January 18 – 19, 2018
That drawing and print illustration are constituted by the presence and absence of marks, while compositional structure emerges out of their correlation and balance: this is probably the simplest way of defining these genres. Within this basic condition, the interplay of form and non-form does not necessarily lend the blank sheet a subordinate role with respect to the drawn line. The purpose of the workshop is to address the forms and functions of this unmarked space in the graphic arts of the Early Modern period. Central questions and problematics may include:
- What types of empty spaces exist and how do they differ semantically?
- What aesthetic potential does empty space hold in the work of art? Possible issues here would be its relationship to surface, its role as a spatial or perspectival element, or its chromatic values.
- Does the relationship between graphic content and empty space presuppose a space for abstraction?
- How does empty space serve as a vehicle for the aesthetic imagination of the artist and/or beholder? Could empty space be the place where an artistic ‘idea’ crystallizes?
- What kinds of empty spaces are technically conditioned? How can they be distinguished in drawing or print?
- How do we deal with non-artistic aspects of the empty image surface (the structure of paper and its color, watermarks, ageing, etc.)?
- What are the implications of cutting an image support?
- What role might the ‘verso’ play as an empty space?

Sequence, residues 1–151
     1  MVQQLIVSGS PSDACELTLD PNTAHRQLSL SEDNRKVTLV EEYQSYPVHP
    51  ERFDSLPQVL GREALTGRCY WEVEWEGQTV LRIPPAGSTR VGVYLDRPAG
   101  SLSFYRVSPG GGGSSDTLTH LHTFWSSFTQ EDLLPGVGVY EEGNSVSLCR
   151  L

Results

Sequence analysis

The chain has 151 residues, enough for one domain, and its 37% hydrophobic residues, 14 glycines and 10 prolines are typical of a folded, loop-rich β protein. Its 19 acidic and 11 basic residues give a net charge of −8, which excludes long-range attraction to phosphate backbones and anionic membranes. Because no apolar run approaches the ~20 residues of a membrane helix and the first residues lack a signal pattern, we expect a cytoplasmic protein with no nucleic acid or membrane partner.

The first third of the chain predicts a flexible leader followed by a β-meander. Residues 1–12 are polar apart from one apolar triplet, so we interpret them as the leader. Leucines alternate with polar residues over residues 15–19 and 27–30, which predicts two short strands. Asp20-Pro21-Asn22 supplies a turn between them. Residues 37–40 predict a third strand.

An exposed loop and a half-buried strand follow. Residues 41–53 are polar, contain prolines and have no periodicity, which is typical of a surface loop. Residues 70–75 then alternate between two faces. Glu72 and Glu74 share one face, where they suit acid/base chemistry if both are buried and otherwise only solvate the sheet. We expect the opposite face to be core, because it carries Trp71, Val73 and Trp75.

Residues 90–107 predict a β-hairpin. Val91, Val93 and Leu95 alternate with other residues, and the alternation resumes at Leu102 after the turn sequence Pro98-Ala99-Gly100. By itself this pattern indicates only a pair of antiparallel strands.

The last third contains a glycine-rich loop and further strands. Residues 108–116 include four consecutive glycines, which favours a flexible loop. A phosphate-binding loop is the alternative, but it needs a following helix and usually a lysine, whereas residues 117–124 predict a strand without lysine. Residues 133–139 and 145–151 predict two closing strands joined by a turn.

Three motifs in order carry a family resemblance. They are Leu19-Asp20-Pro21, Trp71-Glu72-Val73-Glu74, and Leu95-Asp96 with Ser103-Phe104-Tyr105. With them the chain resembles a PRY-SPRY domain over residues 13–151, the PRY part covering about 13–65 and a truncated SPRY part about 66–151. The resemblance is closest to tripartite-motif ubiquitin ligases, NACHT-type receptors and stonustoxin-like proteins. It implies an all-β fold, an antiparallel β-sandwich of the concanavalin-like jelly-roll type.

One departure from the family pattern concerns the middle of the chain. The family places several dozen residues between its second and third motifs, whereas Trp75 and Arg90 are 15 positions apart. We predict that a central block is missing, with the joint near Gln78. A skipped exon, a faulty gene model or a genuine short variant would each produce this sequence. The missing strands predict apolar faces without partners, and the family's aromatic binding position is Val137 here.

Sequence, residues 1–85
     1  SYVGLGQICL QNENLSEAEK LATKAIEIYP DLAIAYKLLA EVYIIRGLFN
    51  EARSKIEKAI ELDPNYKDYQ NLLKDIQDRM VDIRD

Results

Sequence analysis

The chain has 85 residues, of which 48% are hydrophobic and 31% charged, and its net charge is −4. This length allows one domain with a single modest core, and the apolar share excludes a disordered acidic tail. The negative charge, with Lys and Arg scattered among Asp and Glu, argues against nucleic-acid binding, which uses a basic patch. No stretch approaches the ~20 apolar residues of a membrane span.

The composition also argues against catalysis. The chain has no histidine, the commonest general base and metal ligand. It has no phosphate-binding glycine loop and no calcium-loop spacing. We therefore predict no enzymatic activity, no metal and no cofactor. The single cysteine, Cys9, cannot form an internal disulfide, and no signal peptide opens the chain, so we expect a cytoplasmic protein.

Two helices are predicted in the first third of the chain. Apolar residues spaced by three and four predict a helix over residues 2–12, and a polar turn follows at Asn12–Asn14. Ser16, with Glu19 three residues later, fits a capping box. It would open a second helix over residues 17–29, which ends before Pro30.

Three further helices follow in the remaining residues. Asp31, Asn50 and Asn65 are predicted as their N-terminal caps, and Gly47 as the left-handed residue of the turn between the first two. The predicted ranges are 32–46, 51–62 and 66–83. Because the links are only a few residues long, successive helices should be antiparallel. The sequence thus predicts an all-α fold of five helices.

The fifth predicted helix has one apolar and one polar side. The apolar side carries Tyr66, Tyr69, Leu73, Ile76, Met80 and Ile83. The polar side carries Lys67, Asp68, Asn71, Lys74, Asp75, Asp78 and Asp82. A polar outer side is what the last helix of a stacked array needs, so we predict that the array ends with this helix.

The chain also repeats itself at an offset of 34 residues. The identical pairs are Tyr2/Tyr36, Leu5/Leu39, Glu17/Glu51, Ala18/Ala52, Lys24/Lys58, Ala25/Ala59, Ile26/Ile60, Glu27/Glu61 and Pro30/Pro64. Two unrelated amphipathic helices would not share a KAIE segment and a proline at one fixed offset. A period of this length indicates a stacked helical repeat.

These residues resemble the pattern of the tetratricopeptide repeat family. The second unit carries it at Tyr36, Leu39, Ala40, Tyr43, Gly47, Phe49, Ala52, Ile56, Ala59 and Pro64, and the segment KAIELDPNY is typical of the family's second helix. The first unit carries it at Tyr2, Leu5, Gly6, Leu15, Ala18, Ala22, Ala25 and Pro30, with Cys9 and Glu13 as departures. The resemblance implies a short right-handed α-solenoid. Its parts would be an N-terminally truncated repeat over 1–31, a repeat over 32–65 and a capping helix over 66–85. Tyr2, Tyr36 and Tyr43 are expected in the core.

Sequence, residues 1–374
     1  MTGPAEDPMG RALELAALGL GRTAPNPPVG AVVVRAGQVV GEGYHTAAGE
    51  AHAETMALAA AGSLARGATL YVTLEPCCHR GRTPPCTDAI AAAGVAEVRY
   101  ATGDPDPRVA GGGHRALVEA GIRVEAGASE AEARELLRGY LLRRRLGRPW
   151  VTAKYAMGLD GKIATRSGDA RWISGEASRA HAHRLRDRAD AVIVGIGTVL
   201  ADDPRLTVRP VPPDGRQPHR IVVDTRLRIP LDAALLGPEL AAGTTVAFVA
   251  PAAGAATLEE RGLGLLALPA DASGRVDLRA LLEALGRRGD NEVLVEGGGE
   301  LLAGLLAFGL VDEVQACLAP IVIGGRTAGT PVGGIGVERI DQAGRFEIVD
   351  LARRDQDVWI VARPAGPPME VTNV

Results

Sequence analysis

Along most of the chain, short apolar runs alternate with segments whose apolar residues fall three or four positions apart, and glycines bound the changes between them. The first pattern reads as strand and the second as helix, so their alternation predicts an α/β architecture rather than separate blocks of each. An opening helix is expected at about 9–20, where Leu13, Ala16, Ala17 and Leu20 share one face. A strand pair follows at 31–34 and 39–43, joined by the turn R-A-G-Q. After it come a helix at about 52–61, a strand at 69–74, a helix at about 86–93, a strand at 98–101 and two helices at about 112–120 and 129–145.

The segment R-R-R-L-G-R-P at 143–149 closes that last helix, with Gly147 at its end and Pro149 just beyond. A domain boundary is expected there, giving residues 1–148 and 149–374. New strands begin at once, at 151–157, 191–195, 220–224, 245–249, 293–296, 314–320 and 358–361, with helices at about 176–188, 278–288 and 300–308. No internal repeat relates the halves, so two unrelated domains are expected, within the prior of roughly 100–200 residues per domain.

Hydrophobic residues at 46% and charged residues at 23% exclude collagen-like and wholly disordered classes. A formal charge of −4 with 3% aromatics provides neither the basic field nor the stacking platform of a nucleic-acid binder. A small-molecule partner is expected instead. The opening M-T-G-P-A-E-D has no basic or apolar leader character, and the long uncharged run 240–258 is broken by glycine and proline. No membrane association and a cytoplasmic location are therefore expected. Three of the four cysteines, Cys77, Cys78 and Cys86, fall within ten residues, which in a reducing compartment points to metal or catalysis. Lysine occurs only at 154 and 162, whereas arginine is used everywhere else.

- How can metaphors (“blinder Fleck,” et al.) and philosophical ideas and concepts (“horror vacui”) be related to Early Modern drawings and prints?
- What is the role of empty space in the Early Modern discourse on drawings and prints?
The two-day event offers the possibility to develop a 20-minute presentation in German, Italian, or English on these and other themes concerning the technical, aesthetic, and theoretical empty spaces in the graphic arts of the Early Modern period. In addition there will be an opportunity to select objects for view in a collective working conversation at the Gabinetto dei Disegni e delle Stampe degli Uffizi.
Please send an abstract (max. 500 words) and a short CV in a single PDF by 06/06/2017 to firstname.lastname@example.org and email@example.com. The Kunsthistorisches Institut in Florenz – Max Planck Institut will cover travel costs (economy class) and accommodation in accordance with the provisions of the German Travel Expenses Act.